“When diet is wrong, medicine is of no use. When diet is correct, medicine is of no need.”
No matter your age, consuming a well-balanced diet makes a significant impact on health. Men are different from women in the way that they need more calories throughout the day as they’re usually bigger and have more muscle than women. Men need to inculcate the consumption of certain nutritious foods that can help them in preventing diseases such as heart disease and prostate cancer, the No. 1 and No. 2 killers for men over 35.
Besides hitting the gym, men need to eat nutrient rich foods that are good for the heart and enhance circulation to all parts of the body. Quality nutrients are key to maintaining immune function and preventing bone loss, muscle loss, and oxidative damage from the environment. However, to remain in good health, a combination of regular physical activity, healthy diet and giving up bad habits such as smoking is essential.
The following foods help men improve their health and boost their immunity:
Whole grains such as whole-grain bread, pasta, cereal, brown rice, oats, barley, beans, lentils, fruits and vegetables are high in fiber and help manage hunger and fullness. They also aid in prevention of prostate and colon cancers. When purchasing whole grain products, look for labels specifying they contain at least 3-5 g fiber per serving. It is recommended to increase fiber intake gradually in order to avoid digestive problems.
Flax seeds are also known as linseeds and are loaded with omega-3 fats and dietary fibers. Flax seeds help increase the good HDL cholesterol, decrease risk of heart disease and lower blood pressure. The seeds are also rich in protein and low in starch and sugar.
Flax seeds can be added to everything from smoothies to cereal bowls.
Chia Seeds are another rich source of omega-3 fatty acids and fiber. They also come filled to the brim with antioxidants, iron, and calcium. Omega-3 fatty acids help increase HDL cholesterol, the “good” cholesterol that prevents the risk of heart attack and stroke. Two tablespoons of the seeds contain 11gm of fiber. Garnish your oats, smoothies, and salad dressings with chia seeds to reap its benefits.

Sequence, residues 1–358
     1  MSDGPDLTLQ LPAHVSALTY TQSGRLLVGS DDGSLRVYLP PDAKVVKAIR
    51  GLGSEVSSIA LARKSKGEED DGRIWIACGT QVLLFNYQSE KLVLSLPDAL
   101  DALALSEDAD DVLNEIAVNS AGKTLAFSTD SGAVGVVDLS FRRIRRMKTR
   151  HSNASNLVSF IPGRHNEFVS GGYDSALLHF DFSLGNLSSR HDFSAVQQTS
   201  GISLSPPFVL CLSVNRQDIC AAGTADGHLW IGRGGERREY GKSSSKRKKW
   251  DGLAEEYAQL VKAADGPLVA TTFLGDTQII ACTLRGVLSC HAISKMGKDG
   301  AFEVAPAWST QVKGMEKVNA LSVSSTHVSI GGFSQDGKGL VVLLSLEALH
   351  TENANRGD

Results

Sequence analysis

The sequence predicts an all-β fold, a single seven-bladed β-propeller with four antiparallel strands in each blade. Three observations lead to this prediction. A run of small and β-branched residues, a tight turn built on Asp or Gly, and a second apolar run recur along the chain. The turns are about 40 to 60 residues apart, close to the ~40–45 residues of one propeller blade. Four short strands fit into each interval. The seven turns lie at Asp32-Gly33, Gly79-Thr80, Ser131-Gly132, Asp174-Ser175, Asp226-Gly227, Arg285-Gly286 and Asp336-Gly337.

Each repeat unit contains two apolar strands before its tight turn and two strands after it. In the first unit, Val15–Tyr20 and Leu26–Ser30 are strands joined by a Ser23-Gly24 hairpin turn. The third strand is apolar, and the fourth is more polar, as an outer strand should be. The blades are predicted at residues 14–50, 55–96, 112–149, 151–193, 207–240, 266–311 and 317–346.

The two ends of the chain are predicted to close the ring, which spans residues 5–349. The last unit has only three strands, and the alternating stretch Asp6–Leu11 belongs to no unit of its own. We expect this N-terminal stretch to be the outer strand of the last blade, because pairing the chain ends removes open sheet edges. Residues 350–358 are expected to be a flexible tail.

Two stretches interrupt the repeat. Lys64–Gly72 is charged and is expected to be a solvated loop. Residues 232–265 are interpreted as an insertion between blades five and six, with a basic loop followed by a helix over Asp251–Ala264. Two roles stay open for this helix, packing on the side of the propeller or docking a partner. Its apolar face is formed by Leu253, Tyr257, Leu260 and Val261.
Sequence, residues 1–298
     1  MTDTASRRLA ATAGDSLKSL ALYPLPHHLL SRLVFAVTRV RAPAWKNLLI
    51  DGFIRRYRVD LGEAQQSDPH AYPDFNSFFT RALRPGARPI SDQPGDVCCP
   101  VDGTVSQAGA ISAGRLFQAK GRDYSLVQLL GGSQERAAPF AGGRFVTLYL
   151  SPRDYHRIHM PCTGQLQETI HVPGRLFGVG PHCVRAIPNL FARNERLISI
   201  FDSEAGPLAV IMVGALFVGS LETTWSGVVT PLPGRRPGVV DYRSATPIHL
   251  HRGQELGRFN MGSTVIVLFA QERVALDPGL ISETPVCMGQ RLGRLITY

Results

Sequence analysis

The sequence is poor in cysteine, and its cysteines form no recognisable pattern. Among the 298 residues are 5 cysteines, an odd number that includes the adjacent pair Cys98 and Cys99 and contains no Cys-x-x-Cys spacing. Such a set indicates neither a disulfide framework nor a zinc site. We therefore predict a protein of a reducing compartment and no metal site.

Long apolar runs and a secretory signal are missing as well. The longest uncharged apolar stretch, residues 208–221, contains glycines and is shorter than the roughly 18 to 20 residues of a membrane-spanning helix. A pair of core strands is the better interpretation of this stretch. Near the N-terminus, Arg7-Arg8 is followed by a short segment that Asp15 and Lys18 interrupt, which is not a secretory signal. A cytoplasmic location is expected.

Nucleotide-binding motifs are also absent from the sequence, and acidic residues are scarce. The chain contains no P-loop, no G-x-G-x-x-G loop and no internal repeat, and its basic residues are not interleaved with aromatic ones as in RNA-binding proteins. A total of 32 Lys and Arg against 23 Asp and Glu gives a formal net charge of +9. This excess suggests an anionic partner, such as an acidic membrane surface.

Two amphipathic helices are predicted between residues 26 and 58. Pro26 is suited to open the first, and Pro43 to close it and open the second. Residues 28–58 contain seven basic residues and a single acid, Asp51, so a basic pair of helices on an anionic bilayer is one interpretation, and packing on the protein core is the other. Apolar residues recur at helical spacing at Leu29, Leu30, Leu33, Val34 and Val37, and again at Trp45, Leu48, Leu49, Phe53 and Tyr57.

Brown rice is a whole grain incredibly rich in fiber. It is good for the digestive system, aids in lowering cholesterol and prevents formation of blood clots. Brown rice is low on carbs, promotes fullness and is a much healthier alternative to white rice.According to an Archives of Internal Medicine report, choosing brown rice over white may help reduce the risk of type 2 diabetes.
Brazil nuts are the seeds of a South American tree that grows in the Amazonian rain forest. They are the richest known source of selenium which helps prevent disorders like heart disease, thyroid problems and cognitive decline. Selenium also helps lower LDL or “bad” cholesterol. Brazil nuts also contain high amounts of copper, zinc, magnesium and healthy fats.
Quinoa seeds are rich in protein content. A cup of quinoa will provide double the amount of protein and about 5gms more fiber than a cup of white rice. Regular consumption of quinoa can decrease the risk of premature death brought on by heart disease, cancer, diabetes and other chronic diseases by 17%. It is also rich in lysine, an amino acid that helps in tissue and muscle repair. You can garnish your salads with quinoa and add it to oatmeal or omelets.
Saffron contains an impressive variety of plant compounds that have been linked to health benefits, such as reduced inflammation, anticancer properties, and antidepressant activity studies have shown that saffron may have aphrodisiac properties — especially in people taking antidepressants.
Allicin-rich garlic is a great antioxidant and antibacterial. It helps to boost immunity among men, and can also help to reduce the risk of stroke. It’s hard to find the time to focus on what you’re putting inside your body due to the constant hustle and bustle of daily lifestyle but consumption of a balanced diet can have major results. After all you are what you eat!
Bananas are a rich source of potassium and Vitamin B-6. Potassium decreases the risk of stroke, lowers blood pressure and preserves bone mineral density whereas Vitamin B-6 with other vitamins aids the body in turning food to energy and assists in protein metabolism. Other good sources of potassium are orange juice, milk, tomato products, and beans.
Beans and legumes are free of harmful fats, as opposed to animal protein sources. This may be the very reason why one study found that people eating legumes at least four times a week had a 22 percent lower risk of heart disease relative to those eating them less than once a week. To reap the rewards, add beans to your salads, soups and vegetables.
It’s hard to find the time to focus on what you’re putting inside your body due to the constant hustle and bustle of daily lifestyle but consumption of a balanced diet can have major results. After all you are what you eat! Shop now